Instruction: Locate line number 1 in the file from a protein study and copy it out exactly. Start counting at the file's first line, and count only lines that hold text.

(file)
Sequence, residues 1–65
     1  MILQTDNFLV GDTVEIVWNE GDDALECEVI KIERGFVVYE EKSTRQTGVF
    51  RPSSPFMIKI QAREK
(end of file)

Sequence, residues 1–65